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Alison Semple

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  • Aurelio Zen: Vendetta

  • By: Michael Dibdin
  • Narrated by: Michael Kitchen
  • Length: 9 hrs and 49 mins
  • Unabridged
  • Overall
    4 out of 5 stars 26
  • Performance
    4.5 out of 5 stars 22
  • Story
    4.5 out of 5 stars 21

Inspector Zen has a problem: an impossible murder, recorded on the closed-circuit video of Oscar Burolo's top-security Sardinian fortress. As Zen gets to work, he is once again plunged into a menacing and violent world where his own life is soon at risk.

  • 5 out of 5 stars
  • great 2nd book

  • By Andy on 04-05-16

Almost fell asleep

Overall
3 out of 5 stars
Performance
1 out of 5 stars
Story
3 out of 5 stars

Reviewed: 29-06-13

Is there anything you would change about this book?

I love Michael Kitchen as an actor but someone else should have read this book. His voice was excellent at sending me to sleep!

What was your reaction to the ending? (No spoilers please!)

I'm sorry but I couldn't get to the end because I did not enjoy the reader.

Who might you have cast as narrator instead of Michael Kitchen?

Someone with more animation and flow.

Was Aurelio Zen: Vendetta worth the listening time?

I'm afraid it wasn't. I'm disappointed as it's just the sort of book I love reading . (I love Donna Leon books and hoped this might have the same sort of atmosphere.)

Any additional comments?

My first completely disappointing Audible purchase.

1 of 3 people found this review helpful

  • Salmon Fishing in the Yemen

  • By: Paul Torday
  • Narrated by: John Sessions, Samantha Bond, Fenella Woolgar
  • Length: 8 hrs and 35 mins
  • Unabridged
  • Overall
    4 out of 5 stars 593
  • Performance
    4.5 out of 5 stars 347
  • Story
    4.5 out of 5 stars 346

A Richard and Judy Summer Read Selection.
Written as a "report into the circumstances surrounding the decision to introduce salmon into the Yemen", this is a novel that is made up of e-mails, letters, diary extracts, records of the prime minister's Question Time, interviews, and chapters from the memoirs of a fantastically weaselly Peter Mandelson-type figure.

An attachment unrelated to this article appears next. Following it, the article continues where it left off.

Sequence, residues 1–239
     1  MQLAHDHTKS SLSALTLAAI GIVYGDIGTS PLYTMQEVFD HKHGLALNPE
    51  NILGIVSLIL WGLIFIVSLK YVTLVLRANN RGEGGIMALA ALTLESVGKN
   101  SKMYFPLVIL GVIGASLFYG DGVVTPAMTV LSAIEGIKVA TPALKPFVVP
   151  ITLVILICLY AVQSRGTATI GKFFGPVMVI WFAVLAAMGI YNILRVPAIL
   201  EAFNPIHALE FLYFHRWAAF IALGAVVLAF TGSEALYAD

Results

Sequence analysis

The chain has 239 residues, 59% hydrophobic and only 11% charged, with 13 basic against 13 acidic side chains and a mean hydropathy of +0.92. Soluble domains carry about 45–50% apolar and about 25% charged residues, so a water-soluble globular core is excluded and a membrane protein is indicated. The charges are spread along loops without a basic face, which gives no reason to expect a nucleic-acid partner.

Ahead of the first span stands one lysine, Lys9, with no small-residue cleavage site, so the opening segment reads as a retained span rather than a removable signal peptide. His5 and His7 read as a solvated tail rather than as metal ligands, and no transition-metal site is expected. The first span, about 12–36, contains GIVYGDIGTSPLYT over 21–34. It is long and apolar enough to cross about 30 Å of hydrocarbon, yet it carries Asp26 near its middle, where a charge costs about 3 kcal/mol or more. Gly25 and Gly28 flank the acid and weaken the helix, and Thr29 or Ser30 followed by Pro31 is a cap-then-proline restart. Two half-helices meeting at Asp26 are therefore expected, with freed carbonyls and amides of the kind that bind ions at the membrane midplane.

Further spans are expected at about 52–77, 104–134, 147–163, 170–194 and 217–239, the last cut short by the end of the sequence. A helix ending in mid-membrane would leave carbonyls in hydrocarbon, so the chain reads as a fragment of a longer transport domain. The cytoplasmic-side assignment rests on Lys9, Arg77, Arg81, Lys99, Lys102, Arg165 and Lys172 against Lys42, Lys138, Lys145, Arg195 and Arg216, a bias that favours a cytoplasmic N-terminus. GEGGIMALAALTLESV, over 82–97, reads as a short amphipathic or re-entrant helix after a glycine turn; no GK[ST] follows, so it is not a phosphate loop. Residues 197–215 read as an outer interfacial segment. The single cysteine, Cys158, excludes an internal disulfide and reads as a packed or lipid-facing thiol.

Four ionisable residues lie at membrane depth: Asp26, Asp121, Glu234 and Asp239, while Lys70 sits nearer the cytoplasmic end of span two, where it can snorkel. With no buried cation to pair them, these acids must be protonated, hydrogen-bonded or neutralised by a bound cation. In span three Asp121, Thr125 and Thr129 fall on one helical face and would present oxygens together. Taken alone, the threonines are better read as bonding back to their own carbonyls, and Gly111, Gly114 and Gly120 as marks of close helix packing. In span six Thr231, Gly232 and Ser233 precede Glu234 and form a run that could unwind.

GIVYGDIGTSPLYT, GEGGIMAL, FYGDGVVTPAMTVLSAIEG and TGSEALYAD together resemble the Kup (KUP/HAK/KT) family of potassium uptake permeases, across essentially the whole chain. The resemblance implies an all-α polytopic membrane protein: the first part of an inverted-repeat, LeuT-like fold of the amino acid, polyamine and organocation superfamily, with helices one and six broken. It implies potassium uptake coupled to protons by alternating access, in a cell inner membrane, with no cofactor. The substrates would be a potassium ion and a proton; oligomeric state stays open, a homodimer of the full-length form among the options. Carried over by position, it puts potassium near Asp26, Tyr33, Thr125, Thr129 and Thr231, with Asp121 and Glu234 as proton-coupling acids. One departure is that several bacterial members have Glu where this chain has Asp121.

• 5 out of 5 stars
  • Superb!

  • By Nicky on 03-04-07

Much more complex than the film

Overall
5 out of 5 stars

Reviewed: 23-12-12

What a wonderful and enviable imagination Paul Torday has and what a magical and fascinating book. This book should not be rejected as a book about fishing! Important as this is in the story, it is far more complex and deep and has much to teach us about relationships and about human endeavour.

The setting of the book is probably unfamiliar to most readers but Paul Torday is able to take us from London to Scotland to the Yemen so that we can see these places.

The characters were both funny and desperately serious and sometimes sad - a great skill shown by the author to sketch the characters so well.

This book did translate well to film but I'm very pleased that I read it before seeing it.

  • Death at La Fenice

  • By: Donna Leon
  • Narrated by: Richard Morant
  • Length: 8 hrs and 20 mins
  • Unabridged
  • Overall
    4.5 out of 5 stars 147
  • Performance
    4.5 out of 5 stars 131
  • Story
    4.5 out of 5 stars 130

The twisted maze of Venice's canals has always been shrouded in mystery. Even the celebrated opera house, La Fenice, has seen its share of death. But nothing so horrific and violent as that of world-famous conductor, Maestro Helmut Wellauer - poisoned during a performance of La Traviata.

  • 5 out of 5 stars
  • This takes me to Venice

  • By Alison Semple on 23-12-12

This takes me to Venice

Overall
5 out of 5 stars

Reviewed: 23-12-12

I've read all of the books about Inspector Brunetti and loved every one. The stories are excellent but for me, it's the atmosphere and setting of them that wins hands down. I love the way that the author describes the food and the care with which it' s produced and the beauty and fascination of the city of Venice.

The other heartening thing is the solid, loving relationship between Brunetti and his wife and their children, such a contrast with the tortured relationships in so many crime books today.

Roll on the next book and perhaps a television adaptation?

2 of 2 people found this review helpful